Cecilie arrived in Worcester in 2006, and she is awesome.  Longtime readers of this blog may recognize her as "the Weege," who came on a cruise with my college roommate and I in an incredible lapse of good judgment on my mother's part.  ("Take the underage Norwegian entrusted to my care on a cruise under the supervision of two drunks?  Absolutely!"  IT WAS FINE, DON'T WORRY, MOM.)   [NB: longtime readers will also be glad to know that Cecilie, her family and her friends are all okay.]  Cecilie and I really hit it off, and we had a total blast going on adventures and talking and hanging out.  She was also a constant source of unintentional humor.  For example, she once came home from school having removed large chunks of skin from her legs by falling off her bike.  I know that doesn't sound very funny.  Here's why it is: she fell off her bike because she was eating yogurt while riding.  With a spoon.  She and I have kept in touch and she came back to stand up for me at my wedding.  This allowed us to relive another humorous incident.  Cecilie was going to prom and wasn't interested in, you know, Googling dress size equivalents, so she just kind of ordered a dress in a size that sounded good.  I'm still not sure how she breathed at prom, because it took Mom and I both to wrassle her into it.  Who does that?  The best part is, J. Crew, whence my bridesmaid dresses came, doesn't ship to Norway, so she had to ship her dress to my parents' house and see if it fit a couple days before the wedding.  Kind of time sensitive, so obviously, she did the pick-a-size-any-size routine again.  I don't know, you guys.  It worked out okay both times though, so maybe I shouldn't mock.

In any case, we talked a lot about politics and culture, because there was a lot of stuff that Cecilie ran into that made her wonder what the hell was in the water over here, as well as a lot of stuff that she was simply curious about.  It's thinking about these conversations that make me feel so sad for Norway in the wake of this massacre.  Talking with Cecilie showed me that Norwegian culture simply does not include violence and guns in the same way that American culture does.  This is not to say that there's no crime in Norway and everyone has a faintly glowing halo floating above their heads at all times.  Instead, it means that you would not buy a gun for "home defense" because first of all a human life is more sacred than physical property and secondly, why would you stand and deliver when you could escape, stay safe, and call the cops?  Resorting to violence is simply not a thing, and in many cases, not an option, because there are so few guns.  I offered to take Cecilie up shooting with friends while she was here, and she was amazed that average people would just HAVE guns to take to the range to shoot around.  She didn't totally get what I meant when I said we could go shooting because her prevailing understanding of guns did not include random people having them.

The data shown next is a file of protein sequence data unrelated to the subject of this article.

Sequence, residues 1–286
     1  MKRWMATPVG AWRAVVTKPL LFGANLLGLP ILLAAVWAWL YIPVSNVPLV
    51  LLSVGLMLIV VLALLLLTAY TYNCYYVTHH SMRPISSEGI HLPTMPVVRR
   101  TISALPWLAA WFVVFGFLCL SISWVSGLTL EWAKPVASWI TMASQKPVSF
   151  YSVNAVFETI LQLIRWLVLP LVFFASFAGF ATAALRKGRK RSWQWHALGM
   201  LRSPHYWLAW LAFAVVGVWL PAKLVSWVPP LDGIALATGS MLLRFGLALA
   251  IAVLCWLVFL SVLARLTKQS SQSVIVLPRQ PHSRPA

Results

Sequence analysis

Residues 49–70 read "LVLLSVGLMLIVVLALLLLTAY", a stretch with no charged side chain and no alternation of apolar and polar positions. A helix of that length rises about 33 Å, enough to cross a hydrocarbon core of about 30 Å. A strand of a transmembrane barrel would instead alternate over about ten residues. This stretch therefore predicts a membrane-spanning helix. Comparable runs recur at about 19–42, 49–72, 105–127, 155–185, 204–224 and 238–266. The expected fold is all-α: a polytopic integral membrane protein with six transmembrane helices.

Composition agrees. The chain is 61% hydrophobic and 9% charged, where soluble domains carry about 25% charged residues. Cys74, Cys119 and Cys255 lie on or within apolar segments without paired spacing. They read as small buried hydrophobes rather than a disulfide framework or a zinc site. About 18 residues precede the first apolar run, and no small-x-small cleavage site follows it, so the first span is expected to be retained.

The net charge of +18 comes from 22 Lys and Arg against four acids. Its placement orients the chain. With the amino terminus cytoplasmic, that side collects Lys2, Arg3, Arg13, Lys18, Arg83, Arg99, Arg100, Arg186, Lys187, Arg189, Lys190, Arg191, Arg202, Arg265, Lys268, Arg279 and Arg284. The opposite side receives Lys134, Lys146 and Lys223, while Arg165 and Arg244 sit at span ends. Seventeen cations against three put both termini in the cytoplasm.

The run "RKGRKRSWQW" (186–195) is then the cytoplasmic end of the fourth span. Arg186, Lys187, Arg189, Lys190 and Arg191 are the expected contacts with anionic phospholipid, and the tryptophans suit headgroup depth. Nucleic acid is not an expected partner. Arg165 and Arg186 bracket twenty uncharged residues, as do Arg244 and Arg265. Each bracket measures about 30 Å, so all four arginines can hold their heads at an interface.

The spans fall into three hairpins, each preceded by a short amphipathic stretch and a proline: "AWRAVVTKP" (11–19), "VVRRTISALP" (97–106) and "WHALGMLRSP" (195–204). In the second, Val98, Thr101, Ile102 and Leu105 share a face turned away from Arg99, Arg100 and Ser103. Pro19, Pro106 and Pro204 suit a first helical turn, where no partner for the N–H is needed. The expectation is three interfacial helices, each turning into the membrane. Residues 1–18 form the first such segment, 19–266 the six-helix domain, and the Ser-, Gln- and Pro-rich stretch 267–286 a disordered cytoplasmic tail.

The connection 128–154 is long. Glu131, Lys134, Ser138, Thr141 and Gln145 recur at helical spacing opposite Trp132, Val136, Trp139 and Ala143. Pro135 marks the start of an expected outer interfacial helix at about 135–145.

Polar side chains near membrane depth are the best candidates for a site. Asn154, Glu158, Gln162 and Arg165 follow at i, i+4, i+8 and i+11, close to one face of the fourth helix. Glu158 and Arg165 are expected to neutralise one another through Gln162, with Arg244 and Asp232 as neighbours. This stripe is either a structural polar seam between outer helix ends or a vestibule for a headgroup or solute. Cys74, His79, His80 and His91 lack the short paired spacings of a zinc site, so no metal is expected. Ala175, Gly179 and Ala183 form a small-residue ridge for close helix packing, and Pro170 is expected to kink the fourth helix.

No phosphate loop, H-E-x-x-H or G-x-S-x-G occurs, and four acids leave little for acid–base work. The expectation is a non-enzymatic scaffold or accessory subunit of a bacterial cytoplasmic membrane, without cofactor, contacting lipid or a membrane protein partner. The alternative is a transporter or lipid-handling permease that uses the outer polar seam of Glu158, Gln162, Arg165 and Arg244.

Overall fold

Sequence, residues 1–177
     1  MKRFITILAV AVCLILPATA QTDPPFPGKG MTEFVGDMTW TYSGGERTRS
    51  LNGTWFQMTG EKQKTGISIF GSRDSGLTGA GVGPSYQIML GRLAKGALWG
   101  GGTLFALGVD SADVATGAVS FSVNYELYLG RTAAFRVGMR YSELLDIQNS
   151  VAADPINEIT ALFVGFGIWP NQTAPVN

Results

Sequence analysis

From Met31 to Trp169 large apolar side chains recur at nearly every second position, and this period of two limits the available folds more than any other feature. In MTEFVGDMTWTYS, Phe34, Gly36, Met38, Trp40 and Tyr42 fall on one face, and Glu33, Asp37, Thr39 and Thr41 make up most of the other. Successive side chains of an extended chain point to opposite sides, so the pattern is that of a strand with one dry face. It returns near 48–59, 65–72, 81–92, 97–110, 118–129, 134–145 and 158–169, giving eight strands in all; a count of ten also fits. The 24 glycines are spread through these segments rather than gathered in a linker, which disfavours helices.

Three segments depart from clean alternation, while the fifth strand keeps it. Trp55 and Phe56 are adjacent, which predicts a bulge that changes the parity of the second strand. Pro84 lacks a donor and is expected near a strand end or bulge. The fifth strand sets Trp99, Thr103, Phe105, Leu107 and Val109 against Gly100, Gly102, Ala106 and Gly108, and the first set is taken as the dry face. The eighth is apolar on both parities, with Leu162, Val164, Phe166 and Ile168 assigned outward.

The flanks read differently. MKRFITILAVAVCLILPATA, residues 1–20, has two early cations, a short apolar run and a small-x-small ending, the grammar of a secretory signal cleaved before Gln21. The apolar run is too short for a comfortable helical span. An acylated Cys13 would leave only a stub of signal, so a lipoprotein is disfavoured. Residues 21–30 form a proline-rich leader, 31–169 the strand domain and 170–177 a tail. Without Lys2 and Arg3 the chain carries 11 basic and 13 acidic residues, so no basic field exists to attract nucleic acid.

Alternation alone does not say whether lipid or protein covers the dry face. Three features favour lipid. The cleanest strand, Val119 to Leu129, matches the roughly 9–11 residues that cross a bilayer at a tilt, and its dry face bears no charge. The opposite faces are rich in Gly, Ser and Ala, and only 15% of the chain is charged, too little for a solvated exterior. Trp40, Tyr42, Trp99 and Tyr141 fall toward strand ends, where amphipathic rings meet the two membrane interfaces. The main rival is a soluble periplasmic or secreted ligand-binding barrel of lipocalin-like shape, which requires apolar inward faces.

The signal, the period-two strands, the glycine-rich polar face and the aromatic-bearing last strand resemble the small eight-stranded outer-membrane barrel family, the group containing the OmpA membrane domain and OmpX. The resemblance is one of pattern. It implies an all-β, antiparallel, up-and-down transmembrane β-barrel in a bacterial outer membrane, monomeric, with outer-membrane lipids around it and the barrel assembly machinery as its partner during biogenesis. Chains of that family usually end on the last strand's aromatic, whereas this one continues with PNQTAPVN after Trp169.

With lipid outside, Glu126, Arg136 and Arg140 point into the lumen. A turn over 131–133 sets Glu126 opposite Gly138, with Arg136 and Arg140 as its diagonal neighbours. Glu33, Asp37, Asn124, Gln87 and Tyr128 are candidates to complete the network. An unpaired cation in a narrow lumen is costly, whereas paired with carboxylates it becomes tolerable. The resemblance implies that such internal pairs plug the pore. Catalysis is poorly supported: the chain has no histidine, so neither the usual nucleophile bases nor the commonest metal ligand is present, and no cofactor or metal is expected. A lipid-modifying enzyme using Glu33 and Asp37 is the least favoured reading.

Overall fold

It's hard for Americans to imagine a culture so bereft of guns and so adverse to violence.  Even if we don't own guns and even if we don't like guns, we are still bombarded at all times with violent imagery from every kind of media.  Guns and violence are glorified and held up as solutions to problems, and even when they're not being glorified, they are often treated as a common fact of life.  That is simply not there in Norway.  Now, imagine that you are in this culture, and let's even assume that you're pretty cosmopolitan and you know about gun culture in the US and you kind of get it even if you think the American gun fixation is weird.  It's still something that's Over There.  Imagine this, and then imagine Anders Behring Breivik.